Monday, 21 September 2009
I'm not complaining, by the way! It's an honour and a privilege to have been elected and I like to think I attend without making a meal out of it!
But one meeting I didn't mind attending in the slightest was tonight's meeting of the County Dublin Vocational Education Committee. I was nominated to the VEC by South Dublin County Council back in July. Tonight was my second meeting, held in the VEC Offices in Tuansgate, Tallaght - just across the road from the old Woodies.I'm a VEC graduate - having attended Greenhills College VEC from 1995-2001. Anyone who knows me will tell you I'm genuinely passionate about education at all levels; and the wide coverage of the VEC, which runs community schools and colleges at second level, new community primary schools and other educational centres including Traveller training and Youthreach, will hopefully mean that I can help play a part in advancing the education of our communities in the years ahead.
One of the areas I am interested in is the new community model of primary schools being developed by County Dublin VEC; two are already open, Scoil Choilm and Scoil Ghráinne in Dublin 15.
Tonight, I was appointed by the VEC to three Boards of Management until the VEC's "Quinquennial Meeting" in December. The three colleges are Coláiste de hÍde in Tymon, St MacDara's CC in Templeogue and my alma mater, Greenhills College. More meetings in the months ahead, but I really don't mind!
Wednesday, 16 September 2009
We have agreed to forego all funding for external conferences - for which Councillors are entitled to up to €4500 per annum - and have instead earmarked that money for the provision of the first ever emergency homeless accommodation centre in South Dublin. If all 26 Councillors donated from this fund, over half a million euro could be raised for the centre. We have invited all Cllrs to sign the pledge to ensure that the real needs of the County are met in these awful times.
I am glad to say that as well as the 13 Councillors in the Alliance, two other Councillors have also signed the pledge; Cllr Gino Kenny (People Before Profit Alliance) and Cllr John Lahart (Fianna Fáil). I'd hope to be able to report that the other 11 Councillors have signed at some stage in the near future.
Pictured at the launch of the pledge are, from left, Cllrs Gino Kenny (PBPA), Guss O'Connell (Ind), Dermot Looney (Labour), Robert Dowds (Labour), Caitríona Jones (Labour), Deputy Mayor Paddy Cosgrave (Labour), Cathal King (SF), Matthew McDonagh (SF), Pamela Kearns (Labour), Eamon Tuffy (Labour) and Seán Crowe (SF). Signatories not pictured are Mayor Mick Duff (Labour), Cllr Marie Corr (Labour), Cllr Eamonn Maloney (Labour) and Cllr John Lahart (FF).
Tuesday, 8 September 2009
In recent weeks I have been contacted by a number of constituents, members of the public, various campaigns and the press regarding my position on the forthcoming Lisbon Treaty Referendum. I want to use this short blog post to clarify my position on this matter.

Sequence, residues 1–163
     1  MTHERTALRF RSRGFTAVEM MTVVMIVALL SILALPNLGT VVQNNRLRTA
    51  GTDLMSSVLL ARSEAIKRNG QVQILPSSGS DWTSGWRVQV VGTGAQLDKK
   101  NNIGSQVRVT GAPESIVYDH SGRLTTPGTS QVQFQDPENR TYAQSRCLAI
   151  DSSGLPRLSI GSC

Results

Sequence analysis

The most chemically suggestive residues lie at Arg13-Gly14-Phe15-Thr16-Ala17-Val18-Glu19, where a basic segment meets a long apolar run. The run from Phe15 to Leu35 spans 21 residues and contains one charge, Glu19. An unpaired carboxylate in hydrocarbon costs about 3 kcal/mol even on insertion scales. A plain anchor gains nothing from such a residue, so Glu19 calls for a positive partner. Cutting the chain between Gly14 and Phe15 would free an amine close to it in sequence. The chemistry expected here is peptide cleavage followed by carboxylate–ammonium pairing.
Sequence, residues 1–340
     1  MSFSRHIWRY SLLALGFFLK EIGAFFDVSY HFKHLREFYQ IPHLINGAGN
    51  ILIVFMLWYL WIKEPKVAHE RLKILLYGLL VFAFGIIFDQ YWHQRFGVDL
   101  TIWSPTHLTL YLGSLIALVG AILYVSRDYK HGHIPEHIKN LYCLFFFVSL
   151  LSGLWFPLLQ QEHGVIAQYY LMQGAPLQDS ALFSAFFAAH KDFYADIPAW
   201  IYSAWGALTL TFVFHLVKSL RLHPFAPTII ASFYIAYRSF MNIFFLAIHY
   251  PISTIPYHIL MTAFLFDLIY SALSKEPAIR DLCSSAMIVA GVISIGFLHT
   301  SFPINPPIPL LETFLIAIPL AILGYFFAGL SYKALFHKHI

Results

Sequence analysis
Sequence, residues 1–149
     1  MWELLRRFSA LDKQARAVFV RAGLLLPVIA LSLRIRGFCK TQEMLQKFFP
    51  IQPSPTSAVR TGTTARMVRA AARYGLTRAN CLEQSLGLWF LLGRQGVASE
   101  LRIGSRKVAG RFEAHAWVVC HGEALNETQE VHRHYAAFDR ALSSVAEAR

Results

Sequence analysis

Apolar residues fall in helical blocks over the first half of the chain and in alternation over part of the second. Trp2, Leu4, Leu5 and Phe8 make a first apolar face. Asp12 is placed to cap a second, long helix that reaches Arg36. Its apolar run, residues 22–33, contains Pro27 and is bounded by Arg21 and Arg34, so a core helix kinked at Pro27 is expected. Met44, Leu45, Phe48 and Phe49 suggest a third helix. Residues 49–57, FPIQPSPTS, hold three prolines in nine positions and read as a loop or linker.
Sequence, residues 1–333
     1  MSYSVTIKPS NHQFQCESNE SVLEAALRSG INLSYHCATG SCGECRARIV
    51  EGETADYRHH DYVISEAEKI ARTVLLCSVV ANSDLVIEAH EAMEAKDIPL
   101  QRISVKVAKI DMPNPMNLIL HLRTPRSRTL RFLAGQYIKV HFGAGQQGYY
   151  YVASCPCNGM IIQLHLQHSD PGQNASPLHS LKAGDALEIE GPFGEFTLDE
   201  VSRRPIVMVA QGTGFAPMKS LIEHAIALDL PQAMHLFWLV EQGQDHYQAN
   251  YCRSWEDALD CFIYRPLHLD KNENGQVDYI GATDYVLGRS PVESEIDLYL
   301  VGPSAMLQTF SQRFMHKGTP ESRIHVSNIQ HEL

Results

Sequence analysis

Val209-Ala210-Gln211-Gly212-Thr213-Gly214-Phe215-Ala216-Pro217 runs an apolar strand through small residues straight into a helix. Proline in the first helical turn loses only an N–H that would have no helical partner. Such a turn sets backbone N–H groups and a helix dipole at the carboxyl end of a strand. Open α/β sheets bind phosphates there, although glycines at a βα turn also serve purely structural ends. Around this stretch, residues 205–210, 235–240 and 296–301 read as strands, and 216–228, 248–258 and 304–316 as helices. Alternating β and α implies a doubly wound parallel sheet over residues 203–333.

In 2005, during the public discourse on the then-recently signed EU Constitution, I spoke and wrote in various contexts against that document. I was not heavily involved in that campaign, nor have I played a significant role in campaigning against its subsequent manifestation in the Treaty of Lisbon (primarily due to other political commitments). However, I was opposed as a matter of record to both the original EU Constitution and the initial Lisbon Treaty referendum. I also clarified this stance on frequent occasions during my recent successful campaign for election to South Dublin County Council, as evidenced by an "Election Diary" blogpost here.
I recently signed a document, along with a small number of other Labour Councillors as well as others from the left, in opposition to the Lisbon Treaty. Details on this are available at http://www.caeuc.org/index.php?q=node/535. I have also contributed a short piece, similar to this blog post, to our local 'paper, the Tallaght Echo, who requested all 26 Councillors on South Dublin County Council to contribute their views on the Treaty.
I respect the democratic decision at recent Labour Party conferences to campaign for a yes vote for the Lisbon Treaty. Out of that respect, as a Labour Party Councillor, I intend taking no part in campaigning against this treaty and I will not be making any further comment to journalists or other parties. I've directed all those who are interested to this blog post for a clarification on my stance.
I have been on record since 2005 as opposing this Treaty on a number of grounds. It would be hypocritical of me to reverse a well-known and public stance. There has been a tradition of dissent on European matters in the Labour Party, right back to the time when some Labour members supported entry to the EEC in 1973 - in contravention of then party policy. Although, with regard to this campaign, I am voting ‘no,’ I share the same overall vision for a social, democratic and sustainable Europe as those campaigning for a ‘Yes’ vote in the Labour Party.
The referendum on the Lisbon Treaty is one of many important decisions in front of our country in the coming weeks and it is crucial that as many people as possible exercise their hard-fought franchise by using their vote on October 2nd. http://www.lisbontreaty2009.ie/ gives a fairly neutral overview as well as links to the treaty itself and information on how to check the voting register.